Life in the Howard Fast Lane is Doom & Gloom
By Tracie Rozhon, Special to the Daily News
GREENWICH, Conn. - Howard Fast is one of those delightfully
confusing people whose manner seems utterly simple, calm and straightforward, but whose words leave you wondering, days later, if you even scratched the surface. Weeks later, you decide you didn't.
Maybe it's the same with his books - notably his series about a group
of immigrants and their descendants. It's easy to dismiss the writing in these four novels as pulpy, the story as soap opera. But like Fast's own words, the story tends to stay with you because Fast is a terrific storyteller.
YET WHEN HIS publisher sends out one book that Fast would like
the interviewer to read, it's not "The Legacy," his newly released fourth novel in the series, which already has sold 125,000 copies. It's a thick paperback called "Time and the Riddle," a collection of 31 Zen stories. "I feel so frustrated," said Fast, a balding man with a brushy mustache, sitting in the study of his Greenwich, Conn., home. "Next to 'The Legacy,' 'Time and the Riddle' sold very few copies indeed."
At one time, Fast was once an avowed Communist who went to jail
for refusing to disclose the names of contributors to a hospital that treated U.S. volunteers in the Spanish Civil War. Now he is a Zen Buddhist - "sort of," because, with Zen, nothing's supposed to be too definite. In the conclusion to his book of Zen short stories, Fast explains that what makes the tales Zen is that each has a riddle: They seem simple, but are they? "But I don't think Zen should be clouded in some kind of mystery," he said. "I wrote a small book, which I guess is the shortest book on meditation that's ever been published. It sold widely for this kind of book - 8,000 to 9,000 copies."
FAST DECIDED not to discuss politics, but somehow it kept coming
up. His stories seem very pessimistic, I noted - some violently so. "Life is very pessimistic," he said, "with the world in the hands of Gen. Haig, who is second cousin to a lunatic - he and Brezhnev, the third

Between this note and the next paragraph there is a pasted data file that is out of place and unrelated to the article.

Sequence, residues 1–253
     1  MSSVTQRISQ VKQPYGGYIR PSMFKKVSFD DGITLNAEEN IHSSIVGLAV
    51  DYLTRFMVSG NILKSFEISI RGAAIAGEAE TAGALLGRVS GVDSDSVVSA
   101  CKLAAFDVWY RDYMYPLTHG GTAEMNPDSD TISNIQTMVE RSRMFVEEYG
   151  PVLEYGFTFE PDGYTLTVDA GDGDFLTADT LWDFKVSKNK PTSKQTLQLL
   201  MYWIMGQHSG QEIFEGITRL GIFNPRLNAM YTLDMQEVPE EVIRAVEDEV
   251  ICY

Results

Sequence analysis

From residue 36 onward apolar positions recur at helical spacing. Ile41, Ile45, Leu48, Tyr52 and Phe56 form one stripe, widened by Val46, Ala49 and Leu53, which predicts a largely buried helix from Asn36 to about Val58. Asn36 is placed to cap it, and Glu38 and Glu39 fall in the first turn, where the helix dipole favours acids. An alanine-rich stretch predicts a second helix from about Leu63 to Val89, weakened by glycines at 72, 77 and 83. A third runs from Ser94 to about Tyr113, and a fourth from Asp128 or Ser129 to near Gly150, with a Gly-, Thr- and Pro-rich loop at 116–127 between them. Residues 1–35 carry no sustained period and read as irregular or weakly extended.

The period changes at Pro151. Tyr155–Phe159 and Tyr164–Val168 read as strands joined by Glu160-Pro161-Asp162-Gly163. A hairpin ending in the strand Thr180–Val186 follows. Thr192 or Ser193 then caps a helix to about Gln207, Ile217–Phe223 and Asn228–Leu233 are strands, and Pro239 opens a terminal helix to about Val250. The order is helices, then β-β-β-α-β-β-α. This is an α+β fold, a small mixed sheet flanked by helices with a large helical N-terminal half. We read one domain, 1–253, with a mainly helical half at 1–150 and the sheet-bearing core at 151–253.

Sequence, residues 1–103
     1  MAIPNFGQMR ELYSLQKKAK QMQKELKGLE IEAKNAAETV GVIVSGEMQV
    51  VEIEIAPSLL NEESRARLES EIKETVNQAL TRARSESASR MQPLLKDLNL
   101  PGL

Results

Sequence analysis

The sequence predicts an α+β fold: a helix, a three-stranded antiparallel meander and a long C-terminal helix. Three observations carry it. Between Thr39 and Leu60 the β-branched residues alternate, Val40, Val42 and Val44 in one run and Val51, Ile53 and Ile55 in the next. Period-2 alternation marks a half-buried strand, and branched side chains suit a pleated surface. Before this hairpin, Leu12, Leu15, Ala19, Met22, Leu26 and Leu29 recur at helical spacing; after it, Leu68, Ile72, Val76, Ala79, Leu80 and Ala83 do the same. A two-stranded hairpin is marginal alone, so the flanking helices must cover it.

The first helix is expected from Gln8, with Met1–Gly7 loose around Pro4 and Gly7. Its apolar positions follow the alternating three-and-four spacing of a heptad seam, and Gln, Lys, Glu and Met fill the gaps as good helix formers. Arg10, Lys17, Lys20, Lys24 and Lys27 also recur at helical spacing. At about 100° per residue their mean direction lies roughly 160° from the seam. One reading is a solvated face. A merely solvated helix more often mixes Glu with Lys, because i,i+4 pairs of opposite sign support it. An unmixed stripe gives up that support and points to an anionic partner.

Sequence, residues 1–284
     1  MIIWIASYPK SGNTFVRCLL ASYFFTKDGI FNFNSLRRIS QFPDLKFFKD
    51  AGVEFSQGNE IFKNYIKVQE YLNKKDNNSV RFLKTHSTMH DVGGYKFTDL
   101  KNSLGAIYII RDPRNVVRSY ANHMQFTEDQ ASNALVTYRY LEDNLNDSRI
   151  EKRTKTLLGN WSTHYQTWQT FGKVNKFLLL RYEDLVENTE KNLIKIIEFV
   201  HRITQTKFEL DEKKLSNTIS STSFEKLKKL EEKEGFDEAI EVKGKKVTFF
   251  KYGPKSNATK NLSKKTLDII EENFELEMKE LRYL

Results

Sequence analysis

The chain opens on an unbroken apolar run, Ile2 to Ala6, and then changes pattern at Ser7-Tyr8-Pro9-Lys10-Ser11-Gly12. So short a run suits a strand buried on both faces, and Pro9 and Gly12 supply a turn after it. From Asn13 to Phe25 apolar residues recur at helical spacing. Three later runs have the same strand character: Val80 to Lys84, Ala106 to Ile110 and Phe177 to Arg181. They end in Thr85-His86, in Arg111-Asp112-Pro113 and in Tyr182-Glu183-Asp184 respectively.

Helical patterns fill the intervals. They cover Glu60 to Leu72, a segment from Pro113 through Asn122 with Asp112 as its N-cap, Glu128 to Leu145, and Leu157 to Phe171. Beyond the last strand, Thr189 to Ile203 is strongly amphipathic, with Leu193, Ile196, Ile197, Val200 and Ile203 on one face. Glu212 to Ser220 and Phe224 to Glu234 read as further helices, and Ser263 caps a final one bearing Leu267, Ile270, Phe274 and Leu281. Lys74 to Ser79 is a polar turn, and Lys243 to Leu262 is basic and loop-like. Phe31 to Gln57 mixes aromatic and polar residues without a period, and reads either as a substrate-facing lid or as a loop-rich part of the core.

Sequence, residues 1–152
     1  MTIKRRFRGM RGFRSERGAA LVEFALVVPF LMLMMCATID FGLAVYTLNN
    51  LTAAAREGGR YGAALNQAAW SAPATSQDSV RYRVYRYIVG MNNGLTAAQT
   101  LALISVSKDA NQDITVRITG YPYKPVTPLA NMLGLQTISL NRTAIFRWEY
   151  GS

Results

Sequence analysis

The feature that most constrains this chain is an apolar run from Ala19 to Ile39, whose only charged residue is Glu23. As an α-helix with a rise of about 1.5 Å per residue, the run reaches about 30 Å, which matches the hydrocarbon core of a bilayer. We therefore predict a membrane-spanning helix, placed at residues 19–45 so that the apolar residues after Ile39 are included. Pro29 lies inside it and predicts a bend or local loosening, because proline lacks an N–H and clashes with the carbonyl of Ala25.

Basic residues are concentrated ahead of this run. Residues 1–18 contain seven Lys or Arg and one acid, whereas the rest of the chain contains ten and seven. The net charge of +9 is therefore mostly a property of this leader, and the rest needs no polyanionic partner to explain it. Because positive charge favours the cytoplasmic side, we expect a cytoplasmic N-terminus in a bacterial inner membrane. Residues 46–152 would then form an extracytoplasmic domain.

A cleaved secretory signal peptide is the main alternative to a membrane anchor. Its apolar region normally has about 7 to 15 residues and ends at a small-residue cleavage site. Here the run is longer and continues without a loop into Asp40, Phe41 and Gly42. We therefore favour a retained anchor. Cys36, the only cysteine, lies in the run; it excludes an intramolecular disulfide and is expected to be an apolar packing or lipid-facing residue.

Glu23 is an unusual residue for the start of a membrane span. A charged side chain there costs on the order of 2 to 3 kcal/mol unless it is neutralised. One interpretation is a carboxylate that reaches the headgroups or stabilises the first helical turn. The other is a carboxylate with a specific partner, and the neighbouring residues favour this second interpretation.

cousin to a lunatic. They sit around debating whether the human race should be allowed to continue, using the euphemism 'atomic exchange' for blowing up everything so not even a blade of grass would be left. "I don't mean to say life is not a very beautiful and wonderful process," he said, "but nothing is changed by that belief. I can sit here and say 'I firmly believe man will survive,' but when you start dealing with objective facts - well, if I say I'm a pessimist, it's because the facts warrant it."
The state of American education is another one of his concerns, and
he's discouraged enough to label it "a farce, a disaster. Public education has deteriorated beyond our wildest dreams in the 35 years since World War II."
BUT ALL THIS pessimism contradicts Fast's success. He is working
on a novel about the start of moviemaking in Hollywood. His success has been both professional and personal: He and sculptor Bette Fast have been married for more than 40 years. Their house is one of the finest in one of the nation's wealthiest suburbs. Yet Fast loves California - another paradox, since he loathes its movie-star mystique - and only moved to Connecticut a year ago at his wife's insistence in order to be near their son, Jonathan, his wife, novelist Erica Jong, and their granddaughter, Molly.
Fast has made millions from his 55 books - the first published when
he was 18 - and from TV rights to mini-series made from "The Immigrants" and ''Freedom Road." Yet, in another contradiction, he sounds almost as disgusted about these shows as he is about the Reagan administration. "The Immigrants," he said, emerged as "a monstrosity." The producers ''made certain promises about casting, and writing . . . the adaptation was idiotic, the casting dreadful." Of "Freedom Road," his tragic story of a courageous black family during Reconstruction, he said: "They cast Muhammad Ali as the hero - it was terrible."
BEFORE "Freedom Road" was produced, Fast stated that he would
personally oversee its production. "Famous last words," he said now. "There's no way to fight the network. You sell it or you save it, and if you feel you've written something important, then you want people to see it." "America rewards brainlessness," he added. "You see it in politics, but nowhere like in Hollywood. The networks exalt stupidity."
Fast won an Emmy award for his treatment of "The Ambassadors,"
a play about Benjamin Franklin, "but that was no great success," he said with irony, "because only 24 million people saw it." "One of the terrible things about age is that you lose your expectations, the edge wears off," he said. "You lose your illusions and to live without illusions you must be a saint or a philosopher or a fool."
Bette Fast walked into the study, carrying a pot of tea, some cups and a plate of ginger snaps. "Am I a pessimist?" he asked her, smiling. "No," she replied firmly, " you don't think of yourself that way." No wonder the book Fast likes best has the word "riddle" in its title.